All horror should, to a greater or lesser extent, be psychological – it should get into the dark corners of your mind, and I like it when films do it well. It’s one of the things that interests me most about horror – the chance to explore other states of mind, and to take audiences on that journey inside the heads of characters who might have disturbed, twisted or perverted world-views.
How important is it to unsettle a viewer?
I think it’s important for horror to affect the viewer and I don’t have a problem with making an audience feel unsettled. With my first feature Mum & Dad, one of the aims was to make the audience feel a bit grubby after watching it, like they’d seen things that they may not have wanted to. I think it’s a real danger for horror to get too comfortable, for an audience to respond to an effect – a jump, a scare – but not carry anything more with them from the experience. Horror is a great way to explore big questions – the biggest of all being ‘why do people hurt one another?’ The psychology of what makes someone into a killer – whether they be a human, ghost, vampire, monster or gill-creature – is something that is incredibly rich territory for a horror writer, and I think that taking an audience to those places is a really worthwhile – if not necessarily wholly enjoyable – experience.
I think that if you can make an audience feel what the characters are experiencing, then you can scare them more deeply than if you just have a flock of bats swarm out of a dark tunnel or a cat jump out of a closet. If you can create an atmosphere where the audience doesn’t know what’s going to happen next, and has a vested emotional interest in your character(s), then you can really affect them. Audiences go into films wanting to be told a story, wanting to go on a journey, wanting to stay within the world of the film and be affected by it. I think you have to make sure that the audience stays with you – don’t make your characters take decisions that have no basis in a comprehensible psychology i.e. just because the plot needs them to.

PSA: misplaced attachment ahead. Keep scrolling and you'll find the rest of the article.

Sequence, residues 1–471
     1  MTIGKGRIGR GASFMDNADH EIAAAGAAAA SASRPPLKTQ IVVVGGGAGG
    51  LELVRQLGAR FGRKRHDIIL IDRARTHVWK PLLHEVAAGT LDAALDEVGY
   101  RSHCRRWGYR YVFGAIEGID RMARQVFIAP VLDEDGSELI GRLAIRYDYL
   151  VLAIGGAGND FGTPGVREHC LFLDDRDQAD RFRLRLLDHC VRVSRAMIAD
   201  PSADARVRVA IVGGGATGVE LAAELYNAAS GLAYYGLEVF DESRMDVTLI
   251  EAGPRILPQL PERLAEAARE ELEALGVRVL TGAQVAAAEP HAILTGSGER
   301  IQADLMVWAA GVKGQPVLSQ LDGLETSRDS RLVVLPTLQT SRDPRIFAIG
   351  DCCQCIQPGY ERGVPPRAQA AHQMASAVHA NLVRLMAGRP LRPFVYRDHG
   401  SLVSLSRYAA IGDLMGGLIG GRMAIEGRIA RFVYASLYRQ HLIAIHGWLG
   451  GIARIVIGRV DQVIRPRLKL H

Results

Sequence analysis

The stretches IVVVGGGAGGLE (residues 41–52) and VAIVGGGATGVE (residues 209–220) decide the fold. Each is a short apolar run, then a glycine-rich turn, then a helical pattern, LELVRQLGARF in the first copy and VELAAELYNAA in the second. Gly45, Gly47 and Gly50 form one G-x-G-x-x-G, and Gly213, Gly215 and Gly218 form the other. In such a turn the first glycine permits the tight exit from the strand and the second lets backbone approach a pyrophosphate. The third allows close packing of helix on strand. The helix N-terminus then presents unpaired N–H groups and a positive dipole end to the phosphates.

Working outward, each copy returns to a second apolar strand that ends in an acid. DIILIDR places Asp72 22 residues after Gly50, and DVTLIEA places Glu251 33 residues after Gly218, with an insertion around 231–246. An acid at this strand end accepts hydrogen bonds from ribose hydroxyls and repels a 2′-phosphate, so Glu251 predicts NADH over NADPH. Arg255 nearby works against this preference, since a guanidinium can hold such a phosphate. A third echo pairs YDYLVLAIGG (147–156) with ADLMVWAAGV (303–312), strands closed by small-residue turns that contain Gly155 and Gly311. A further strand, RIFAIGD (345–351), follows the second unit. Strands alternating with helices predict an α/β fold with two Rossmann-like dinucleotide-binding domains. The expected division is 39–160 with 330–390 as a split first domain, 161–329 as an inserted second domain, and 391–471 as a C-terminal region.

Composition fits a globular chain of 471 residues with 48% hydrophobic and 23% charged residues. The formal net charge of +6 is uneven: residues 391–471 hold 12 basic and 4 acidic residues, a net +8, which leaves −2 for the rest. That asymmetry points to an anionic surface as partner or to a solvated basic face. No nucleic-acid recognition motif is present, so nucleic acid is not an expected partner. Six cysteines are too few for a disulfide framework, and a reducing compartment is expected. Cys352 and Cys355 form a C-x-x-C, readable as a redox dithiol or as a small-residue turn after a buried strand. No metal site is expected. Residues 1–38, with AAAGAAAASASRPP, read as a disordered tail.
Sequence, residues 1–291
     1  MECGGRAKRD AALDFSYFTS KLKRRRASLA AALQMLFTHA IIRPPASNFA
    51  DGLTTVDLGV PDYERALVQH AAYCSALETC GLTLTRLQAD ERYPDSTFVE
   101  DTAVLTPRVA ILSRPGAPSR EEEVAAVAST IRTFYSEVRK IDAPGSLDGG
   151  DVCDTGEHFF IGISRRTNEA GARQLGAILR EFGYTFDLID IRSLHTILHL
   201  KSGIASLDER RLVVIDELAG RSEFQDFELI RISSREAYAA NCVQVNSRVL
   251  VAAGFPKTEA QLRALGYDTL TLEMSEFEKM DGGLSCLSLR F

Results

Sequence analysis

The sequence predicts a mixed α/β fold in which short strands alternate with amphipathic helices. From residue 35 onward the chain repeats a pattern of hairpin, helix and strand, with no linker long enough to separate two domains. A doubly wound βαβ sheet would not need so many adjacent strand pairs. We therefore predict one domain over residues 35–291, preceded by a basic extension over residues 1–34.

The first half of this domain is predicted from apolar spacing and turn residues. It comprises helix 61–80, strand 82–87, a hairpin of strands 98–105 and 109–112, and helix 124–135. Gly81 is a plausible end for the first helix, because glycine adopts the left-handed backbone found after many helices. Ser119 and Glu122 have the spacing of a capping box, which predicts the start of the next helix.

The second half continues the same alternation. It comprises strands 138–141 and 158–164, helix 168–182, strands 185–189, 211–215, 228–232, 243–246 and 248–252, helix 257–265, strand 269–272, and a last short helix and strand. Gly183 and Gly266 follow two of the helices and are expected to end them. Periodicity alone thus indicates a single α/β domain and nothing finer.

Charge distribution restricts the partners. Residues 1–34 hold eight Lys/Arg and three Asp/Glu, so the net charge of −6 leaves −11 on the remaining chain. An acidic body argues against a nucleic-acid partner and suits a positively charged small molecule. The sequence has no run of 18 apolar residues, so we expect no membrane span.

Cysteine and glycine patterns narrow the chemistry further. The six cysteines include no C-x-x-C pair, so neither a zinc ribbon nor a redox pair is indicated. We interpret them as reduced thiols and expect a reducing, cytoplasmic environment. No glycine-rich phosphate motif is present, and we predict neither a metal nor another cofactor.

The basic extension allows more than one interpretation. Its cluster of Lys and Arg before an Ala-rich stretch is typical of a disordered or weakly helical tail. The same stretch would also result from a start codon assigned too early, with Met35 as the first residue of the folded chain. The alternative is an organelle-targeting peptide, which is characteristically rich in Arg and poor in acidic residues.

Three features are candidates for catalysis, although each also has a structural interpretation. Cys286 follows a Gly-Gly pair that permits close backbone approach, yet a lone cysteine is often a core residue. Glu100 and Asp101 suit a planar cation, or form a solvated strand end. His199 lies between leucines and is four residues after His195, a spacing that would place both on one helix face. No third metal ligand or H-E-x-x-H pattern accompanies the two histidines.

What scares you?
Why should people watch your films?
I don’t know – maybe they shouldn’t… I remember a screening of Mum & Dad in my hometown of Nottingham where I met a guy on the stairs who was leaving halfway through and he was really angry – looked at me like he wanted to punch me and said ‘What the hell’s going on inside your head?’ then stormed off. So I guess that film at least isn’t for everybody… I just try to make the type of horror films that I’d like to see. I help to run a horror film festival – Mayhem in Nottingham – and I talk to a lot of the audiences that we get in, and I feel like I’m there for the same reason they are – we’re all horror film fans.
I don’t think there are any absolute taboos – it’s all to do with treatment. Every film presents a world-view – sometimes it’s a singular world-view, sometimes it’s been assembled by committee – and audiences open themselves up to these world-views every time they watch a film. An audience can watch, and stick with, the most extreme of situations if they feel like it’s offering something to them beyond just shock effect, if they feel there’s a point to the journey, or that they are being given a glimpse into a world-view which, however shocking and perverse, might be interesting. Horror cinema explores violence and madness, often with a more forensic gaze than mainstream cinema. Horror cinema at its best asks the audience to think about the source and nature of the violence onscreen in a way that big-budget action blockbusters, for example, never do. Hundreds or thousands of people get killed in these films purely for effect, or, when it’s the bad guys, for the sake of a quip. I’ve seen big-budget blockbusters that are far more offensive to me in their world-view, in their treatment of humanity, than even the most extreme of horror cinema.
How do you think horror cinema will evolve in the next ten years?
I think that the definition of what is ‘horror cinema’ will continue to expand, at least for horror audiences. I know many people who don’t watch horror often have a very narrow view of what actual horror audiences watch, whereas in my experience a horror crowd will watch a vast number of films across a whole spectrum of horror, from full-on splatter-fests to quiet and understated ghost stories, from high Gothic romps to lo-fi camcorder found footage films. Horror tropes – the group of teens going into the woods, the masked killer, the zombie – have been so deconstructed, debated and satirised within horror cinema itself, that I think new modes of story will have to present themselves and the definition of what a horror film actually is, will change and evolve.
Recommend a film.
God Told Me To by Larry Cohen. Great, crazed low-budget entertainment.